The email system of Los Angeles County was breached, but the culprit remains at large.
The email system of Los Angeles County was breached, but the culprit remains at large.

Authorities have charged a Nigerian national for his role in the hack of the Los Angeles County email system which resulted in the compromise of 756,000 people doing business with the county, according to The Guardian.

There's a problem, though: The man, Kelvin Onaghinor, has neither been arrested nor are his whereabouts known. Officials can't even say for certain whether he is in the U.S.

The 37-year-old accused man faces nine counts, including unauthorized computer access and identity theft, according to the Los Angeles County Chief Executive Office.

The hack occurred in May when more than a hundred county employees were duped by a phishing email into providing their usernames and passwords. Sensitive data of persons doing business with the county was also put at risk at the time. Though it's been reported that no data has been released as of yet, letters were sent out last week notifying the 756,000 people potentially affected that their data was exposed and possibly compromised. Sensitive data put at risk included names, dates of birth, Social Security numbers, driver's license or state identification numbers, payment card information, bank account information, home addresses, phone numbers, and/or medical information, such as Medi-Cal or insurance carrier identification numbers, diagnosis, treatment history or medical record numbers, Fox reported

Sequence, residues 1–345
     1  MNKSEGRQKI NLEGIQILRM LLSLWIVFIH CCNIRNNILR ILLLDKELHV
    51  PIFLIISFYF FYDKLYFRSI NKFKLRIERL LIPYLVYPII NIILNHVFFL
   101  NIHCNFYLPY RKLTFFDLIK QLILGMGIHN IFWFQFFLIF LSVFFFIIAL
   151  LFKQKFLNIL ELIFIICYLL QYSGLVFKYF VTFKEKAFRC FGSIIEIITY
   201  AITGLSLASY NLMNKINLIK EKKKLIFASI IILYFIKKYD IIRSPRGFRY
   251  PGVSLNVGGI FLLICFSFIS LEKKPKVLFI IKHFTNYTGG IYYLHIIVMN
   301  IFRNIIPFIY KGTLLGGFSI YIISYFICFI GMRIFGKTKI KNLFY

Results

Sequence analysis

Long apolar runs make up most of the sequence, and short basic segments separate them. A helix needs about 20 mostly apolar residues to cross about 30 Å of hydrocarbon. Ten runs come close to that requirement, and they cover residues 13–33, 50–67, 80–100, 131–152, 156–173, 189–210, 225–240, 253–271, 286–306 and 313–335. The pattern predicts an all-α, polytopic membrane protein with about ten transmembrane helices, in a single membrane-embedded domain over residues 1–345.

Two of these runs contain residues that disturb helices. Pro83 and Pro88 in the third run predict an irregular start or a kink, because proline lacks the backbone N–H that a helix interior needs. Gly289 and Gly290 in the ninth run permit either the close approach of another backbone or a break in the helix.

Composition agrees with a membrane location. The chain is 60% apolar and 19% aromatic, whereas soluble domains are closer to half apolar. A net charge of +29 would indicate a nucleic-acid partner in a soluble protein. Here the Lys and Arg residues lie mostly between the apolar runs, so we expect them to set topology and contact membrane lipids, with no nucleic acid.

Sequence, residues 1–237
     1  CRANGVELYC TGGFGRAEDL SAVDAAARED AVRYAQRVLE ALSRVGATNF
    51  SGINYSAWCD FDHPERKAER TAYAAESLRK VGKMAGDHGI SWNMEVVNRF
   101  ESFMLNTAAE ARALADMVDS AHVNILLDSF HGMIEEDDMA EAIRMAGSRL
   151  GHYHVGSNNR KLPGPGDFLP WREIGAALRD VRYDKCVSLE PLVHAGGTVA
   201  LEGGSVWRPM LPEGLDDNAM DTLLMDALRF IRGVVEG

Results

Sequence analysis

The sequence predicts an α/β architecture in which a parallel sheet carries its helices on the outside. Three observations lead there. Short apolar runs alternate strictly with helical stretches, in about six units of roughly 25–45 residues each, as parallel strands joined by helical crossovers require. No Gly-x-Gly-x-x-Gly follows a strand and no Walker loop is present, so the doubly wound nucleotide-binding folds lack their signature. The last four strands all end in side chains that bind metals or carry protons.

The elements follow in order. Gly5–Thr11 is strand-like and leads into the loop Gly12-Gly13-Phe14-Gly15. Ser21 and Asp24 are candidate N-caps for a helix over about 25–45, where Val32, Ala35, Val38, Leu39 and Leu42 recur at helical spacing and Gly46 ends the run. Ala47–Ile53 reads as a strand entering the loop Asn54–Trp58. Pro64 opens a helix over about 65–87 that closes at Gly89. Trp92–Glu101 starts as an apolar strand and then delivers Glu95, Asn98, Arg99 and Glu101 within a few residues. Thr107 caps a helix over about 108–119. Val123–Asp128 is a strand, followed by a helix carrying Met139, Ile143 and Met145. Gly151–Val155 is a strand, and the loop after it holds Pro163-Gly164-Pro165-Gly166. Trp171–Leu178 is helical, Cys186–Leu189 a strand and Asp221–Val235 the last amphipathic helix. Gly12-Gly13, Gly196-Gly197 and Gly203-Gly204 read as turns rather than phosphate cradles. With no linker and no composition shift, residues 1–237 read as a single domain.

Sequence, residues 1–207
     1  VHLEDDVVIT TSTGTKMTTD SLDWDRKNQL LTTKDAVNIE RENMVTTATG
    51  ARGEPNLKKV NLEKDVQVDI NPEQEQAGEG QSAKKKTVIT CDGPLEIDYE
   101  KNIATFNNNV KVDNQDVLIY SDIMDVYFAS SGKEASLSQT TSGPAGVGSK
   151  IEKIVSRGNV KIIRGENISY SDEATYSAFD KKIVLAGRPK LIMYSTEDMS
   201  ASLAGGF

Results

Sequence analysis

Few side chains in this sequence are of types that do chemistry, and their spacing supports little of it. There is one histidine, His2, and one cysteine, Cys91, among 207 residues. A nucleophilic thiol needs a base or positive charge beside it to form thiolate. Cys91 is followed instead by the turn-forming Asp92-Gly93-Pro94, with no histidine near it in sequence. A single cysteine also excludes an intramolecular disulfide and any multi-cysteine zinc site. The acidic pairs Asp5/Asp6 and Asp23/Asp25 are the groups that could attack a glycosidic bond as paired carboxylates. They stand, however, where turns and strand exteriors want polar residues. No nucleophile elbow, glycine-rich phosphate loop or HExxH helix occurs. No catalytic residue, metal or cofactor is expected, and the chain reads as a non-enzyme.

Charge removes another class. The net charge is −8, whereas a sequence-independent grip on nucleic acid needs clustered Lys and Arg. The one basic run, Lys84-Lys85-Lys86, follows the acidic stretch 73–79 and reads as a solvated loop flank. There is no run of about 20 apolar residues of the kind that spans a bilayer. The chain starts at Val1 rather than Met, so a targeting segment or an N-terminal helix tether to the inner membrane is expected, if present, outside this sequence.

County officials claimed that on learning of the breach, they immediately put in place strict security measures. The delay in notifying those affected was said to be owing to preserve the secrecy of the investigation and to "prevent further harm," officials said.

Free identity monitoring services – including credit monitoring, identity consultation and identity restoration – are being offered by the county to those affected.

If convicted, Onaghinor faces 13 years in state prison.